WASHINGTON (Reuters) — The US Congress is moving to shut down a scheme that lawmakers said funneled millions of taxpayer dollars from the Pentagon to professional sports teams for honoring American soldiers at sporting events.
Since 2012, the Pentagon paid out at least $6.8 million in contracts to teams in the National Football League, Major League Baseball, the National Hockey League and Major League Soccer, according to Senate Armed Services Committee Chairman John McCain and his fellow Arizona senator, Jeff Flake.
Dubbing the practice "paid patriotism," the Republican senators found that the Department of Defense had entered into at least 72 contracts with the professional teams to pay for ceremonies in packed stadiums.
Asked at a news conference whether the soldiers being honored were aware that the Pentagon was paying the teams, McCain said: "Obviously they did not know that their appearances were being used in a way that would monetarily benefit the teams that were sponsoring these events."
McCain said a massive military authorization bill moving through Congress will contain a provision prohibiting the Pentagon practice.
According to a report by the two senators, the New York Jets football team received $20,000 from the Pentagon as part of a contract paying to recognize one or two New Jersey Army National Guard soldiers as "hometown heroes" at home games.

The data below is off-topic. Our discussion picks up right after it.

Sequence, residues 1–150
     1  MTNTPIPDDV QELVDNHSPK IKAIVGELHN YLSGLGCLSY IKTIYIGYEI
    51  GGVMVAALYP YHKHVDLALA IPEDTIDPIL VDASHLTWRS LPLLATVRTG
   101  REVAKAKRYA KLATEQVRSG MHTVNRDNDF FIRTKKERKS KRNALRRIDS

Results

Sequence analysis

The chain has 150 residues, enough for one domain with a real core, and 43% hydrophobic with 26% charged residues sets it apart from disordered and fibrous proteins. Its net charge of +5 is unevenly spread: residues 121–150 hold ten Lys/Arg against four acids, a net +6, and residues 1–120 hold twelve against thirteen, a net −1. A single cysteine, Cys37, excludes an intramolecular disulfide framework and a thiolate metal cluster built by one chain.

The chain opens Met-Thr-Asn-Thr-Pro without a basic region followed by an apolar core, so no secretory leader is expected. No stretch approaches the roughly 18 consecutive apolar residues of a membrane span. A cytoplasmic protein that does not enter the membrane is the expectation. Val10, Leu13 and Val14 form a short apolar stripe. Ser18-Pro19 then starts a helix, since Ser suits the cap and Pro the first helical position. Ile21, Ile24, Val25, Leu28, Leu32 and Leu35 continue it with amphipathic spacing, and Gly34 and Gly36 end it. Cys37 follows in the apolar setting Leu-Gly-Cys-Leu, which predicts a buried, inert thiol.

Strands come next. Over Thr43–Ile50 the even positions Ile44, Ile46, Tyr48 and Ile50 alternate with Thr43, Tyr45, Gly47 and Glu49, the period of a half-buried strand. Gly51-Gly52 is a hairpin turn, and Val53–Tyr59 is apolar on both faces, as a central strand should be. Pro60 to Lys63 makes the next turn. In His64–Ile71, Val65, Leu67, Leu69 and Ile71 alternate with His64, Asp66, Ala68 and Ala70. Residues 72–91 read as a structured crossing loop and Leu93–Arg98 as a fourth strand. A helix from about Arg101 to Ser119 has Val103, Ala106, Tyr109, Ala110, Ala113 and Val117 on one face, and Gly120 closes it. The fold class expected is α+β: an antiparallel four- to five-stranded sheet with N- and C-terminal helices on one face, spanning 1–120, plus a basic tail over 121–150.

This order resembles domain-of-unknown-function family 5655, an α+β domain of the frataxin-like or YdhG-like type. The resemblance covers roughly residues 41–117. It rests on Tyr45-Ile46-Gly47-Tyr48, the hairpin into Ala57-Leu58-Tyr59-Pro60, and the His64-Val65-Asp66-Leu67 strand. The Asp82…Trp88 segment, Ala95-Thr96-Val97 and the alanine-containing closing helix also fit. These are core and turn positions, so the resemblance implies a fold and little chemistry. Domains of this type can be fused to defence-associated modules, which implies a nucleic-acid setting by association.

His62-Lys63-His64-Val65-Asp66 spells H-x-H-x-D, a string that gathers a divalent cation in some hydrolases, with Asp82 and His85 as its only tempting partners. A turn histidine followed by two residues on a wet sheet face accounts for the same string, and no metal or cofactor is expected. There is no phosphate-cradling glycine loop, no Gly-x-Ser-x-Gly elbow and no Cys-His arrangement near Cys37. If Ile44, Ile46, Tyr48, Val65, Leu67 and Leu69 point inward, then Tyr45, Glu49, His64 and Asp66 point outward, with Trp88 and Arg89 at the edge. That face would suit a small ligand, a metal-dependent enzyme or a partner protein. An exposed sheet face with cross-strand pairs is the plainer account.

"We strongly oppose the use of recruitment funds for anything other than their proper purpose," NFL Commissioner Roger Goodell said in a statement, adding that the league was conducting an audit of all contracts between its teams and the military.
According to the McCain-Flake report, three contracts totaling $450,000 went to the Atlanta Braves baseball team to help pay for a "surprise homecoming" for soldiers, a parade and "patriotic-themed presentations."
The Milwaukee Brewers baseball team received $49,000 for activities including Sunday performances of the song "God Bless America."
Closer to the senators' home, the Arizona Diamondbacks baseball team received $40,000 last year for events including an on-field "oath ceremony" for the Arizona Army National Guard and a color guard demonstration.
That contract also paid for a soldier to deliver a ceremonial "first pitch" to open a baseball game.
McCain, a US Naval Academy graduate who was tortured while being held prisoner during the Vietnam War, is one of the most influential members of Congress.
Nevertheless, he complained that the Pentagon repeatedly hampered the senators' efforts to get information on the "paid patriotism" contracts.
(Additional reporting by Steve Ginsburg; Editing by Doina Chiacu)